Market Stalls Amid Profit Gains

5/8/2017


After moving within 1% of new highs on early March-quarter results, the Dow Industrials and S&P 500 Index have stalled during the second half of earnings-reporting season. The Dow Transports have drifted lower and now trade more than 5% from their March 1 all-time high of 9,593.95.

With closes above 9,593.95 in the Transports and 21,115.55 in the Industrials, the bullish primary trend would be reconfirmed under the Dow Theory. A failure to reach new highs in both averages would be discouraging, especially if followed by breakdowns below the lows reached in April.

While we remain bullish, we have increased our cash position because of several downgrades. Our Buy List and Focus List have 88.1% in stocks, while our Long-Term Buy List has 86.6%.

Favorable guidance

Early earnings reports appear to have raised the bar for companies with later release dates, leading to some disappointing share-price reactions. Still, overall March-quarter numbers remain impressive.

With more than 70% of S&P 500 members having reported, per-share earnings for the index are now expected to be up 14% from year-earlier levels, or 10% excluding the energy sector, according to Thomson Reuters. Revenue is expected to be up 7%, or 5% excluding energy. If those forecasts hold, it would be the best quarter for earnings and sales growth since 2011.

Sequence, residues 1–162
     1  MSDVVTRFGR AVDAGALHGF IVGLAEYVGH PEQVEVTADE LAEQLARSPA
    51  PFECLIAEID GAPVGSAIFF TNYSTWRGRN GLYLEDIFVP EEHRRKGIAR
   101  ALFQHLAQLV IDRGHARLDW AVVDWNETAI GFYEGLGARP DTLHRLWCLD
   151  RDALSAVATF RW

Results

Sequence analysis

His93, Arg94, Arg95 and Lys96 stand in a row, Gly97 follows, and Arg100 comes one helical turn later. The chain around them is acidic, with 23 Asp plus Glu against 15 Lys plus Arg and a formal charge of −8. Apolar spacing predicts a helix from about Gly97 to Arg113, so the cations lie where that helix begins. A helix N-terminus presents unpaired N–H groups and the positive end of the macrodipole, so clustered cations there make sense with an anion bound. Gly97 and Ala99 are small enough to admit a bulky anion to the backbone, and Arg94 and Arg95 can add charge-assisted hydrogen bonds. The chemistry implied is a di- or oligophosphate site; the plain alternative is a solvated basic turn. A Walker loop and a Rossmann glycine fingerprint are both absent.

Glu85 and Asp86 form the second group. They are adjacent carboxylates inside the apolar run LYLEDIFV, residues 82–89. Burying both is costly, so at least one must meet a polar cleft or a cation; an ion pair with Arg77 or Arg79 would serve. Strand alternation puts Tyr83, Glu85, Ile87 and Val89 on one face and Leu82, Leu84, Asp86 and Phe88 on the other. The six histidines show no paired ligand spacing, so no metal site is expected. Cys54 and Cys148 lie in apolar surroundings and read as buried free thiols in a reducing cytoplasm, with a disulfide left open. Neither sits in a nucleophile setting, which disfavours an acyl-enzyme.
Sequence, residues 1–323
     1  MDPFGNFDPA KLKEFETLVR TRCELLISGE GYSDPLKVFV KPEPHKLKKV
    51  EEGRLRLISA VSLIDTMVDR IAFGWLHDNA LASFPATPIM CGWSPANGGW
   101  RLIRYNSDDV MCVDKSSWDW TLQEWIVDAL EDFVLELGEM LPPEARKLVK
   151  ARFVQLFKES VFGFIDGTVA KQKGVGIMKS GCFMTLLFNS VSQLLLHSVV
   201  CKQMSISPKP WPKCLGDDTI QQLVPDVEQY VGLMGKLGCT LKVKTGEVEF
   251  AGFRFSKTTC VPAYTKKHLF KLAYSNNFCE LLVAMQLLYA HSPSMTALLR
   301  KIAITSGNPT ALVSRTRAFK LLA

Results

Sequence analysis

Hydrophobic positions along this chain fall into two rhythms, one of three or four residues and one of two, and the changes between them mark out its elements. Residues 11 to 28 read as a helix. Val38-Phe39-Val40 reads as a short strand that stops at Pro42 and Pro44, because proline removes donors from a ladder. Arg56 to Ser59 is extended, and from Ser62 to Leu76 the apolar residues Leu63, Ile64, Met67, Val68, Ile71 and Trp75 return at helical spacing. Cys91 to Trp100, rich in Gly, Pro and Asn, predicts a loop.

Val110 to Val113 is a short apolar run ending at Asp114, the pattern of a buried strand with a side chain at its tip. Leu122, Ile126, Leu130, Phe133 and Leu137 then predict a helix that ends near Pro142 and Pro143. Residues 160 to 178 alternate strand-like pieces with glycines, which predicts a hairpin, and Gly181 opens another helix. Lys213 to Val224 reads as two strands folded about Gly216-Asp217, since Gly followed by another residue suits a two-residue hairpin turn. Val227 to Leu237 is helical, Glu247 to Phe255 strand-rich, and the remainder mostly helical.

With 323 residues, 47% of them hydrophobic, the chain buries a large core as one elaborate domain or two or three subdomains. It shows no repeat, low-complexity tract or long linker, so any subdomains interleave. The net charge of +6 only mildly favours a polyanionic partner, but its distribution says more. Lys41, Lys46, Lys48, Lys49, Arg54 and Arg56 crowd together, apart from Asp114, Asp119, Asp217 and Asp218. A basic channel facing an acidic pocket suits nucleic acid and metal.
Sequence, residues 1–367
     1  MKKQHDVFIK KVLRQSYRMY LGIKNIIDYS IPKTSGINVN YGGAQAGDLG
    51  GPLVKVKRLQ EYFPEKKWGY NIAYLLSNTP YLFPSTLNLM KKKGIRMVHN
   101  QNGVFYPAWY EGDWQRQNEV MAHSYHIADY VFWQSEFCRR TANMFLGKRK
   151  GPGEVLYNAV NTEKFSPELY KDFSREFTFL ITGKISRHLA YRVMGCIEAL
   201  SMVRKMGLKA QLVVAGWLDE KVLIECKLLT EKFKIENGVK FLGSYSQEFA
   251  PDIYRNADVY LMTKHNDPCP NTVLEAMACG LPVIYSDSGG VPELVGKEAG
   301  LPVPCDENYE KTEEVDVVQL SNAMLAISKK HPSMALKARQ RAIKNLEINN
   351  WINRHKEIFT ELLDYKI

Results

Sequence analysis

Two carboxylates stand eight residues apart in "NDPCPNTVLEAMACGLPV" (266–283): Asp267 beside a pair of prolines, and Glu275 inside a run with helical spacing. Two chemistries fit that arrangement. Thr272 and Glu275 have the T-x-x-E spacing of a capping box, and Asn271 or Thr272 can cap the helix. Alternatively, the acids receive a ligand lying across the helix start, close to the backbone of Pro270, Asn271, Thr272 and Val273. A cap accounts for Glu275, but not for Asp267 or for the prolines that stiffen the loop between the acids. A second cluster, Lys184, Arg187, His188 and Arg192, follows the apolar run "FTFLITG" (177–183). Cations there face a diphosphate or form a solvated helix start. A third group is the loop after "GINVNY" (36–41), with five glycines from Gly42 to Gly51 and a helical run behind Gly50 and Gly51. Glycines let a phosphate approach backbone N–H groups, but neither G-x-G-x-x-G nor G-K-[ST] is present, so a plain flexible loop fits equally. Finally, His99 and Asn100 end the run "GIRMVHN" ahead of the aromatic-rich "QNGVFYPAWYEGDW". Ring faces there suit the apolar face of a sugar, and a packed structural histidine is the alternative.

Nearly 75% of S&P 500 companies have exceeded consensus profit estimates, well above the long-term norm of 64%, says Thomson Reuters. Nearly 63% have exceeded consensus sales estimates, above the long-term norm of 59%.

Because of unusually favorable guidance, expectations for full-year earnings have increased since earnings season began — the first time that has happened so early in a year since 2012.

Consensus estimates now project 11.3% growth in per-share earnings for the S&P 500 Index in 2017, up from the 10.9% expected on April 1. Expectations for seven of the S&P 500's 11 sectors have increased since April 1.

Conclusion

Of course, the market's reaction is the best way to gauge the strength of an earnings season, and the strong results have not been enough to lift the major averages to all-time highs. The longer the market goes without new highs in both averages, the more uncertainty regarding the primary trend.

However, the market has risen since earnings season began, and our growth-at-a-good-price approach is working nicely this year. As we continue to look for buying opportunities on a stock-by-stock basis, our cash position may be reduced.


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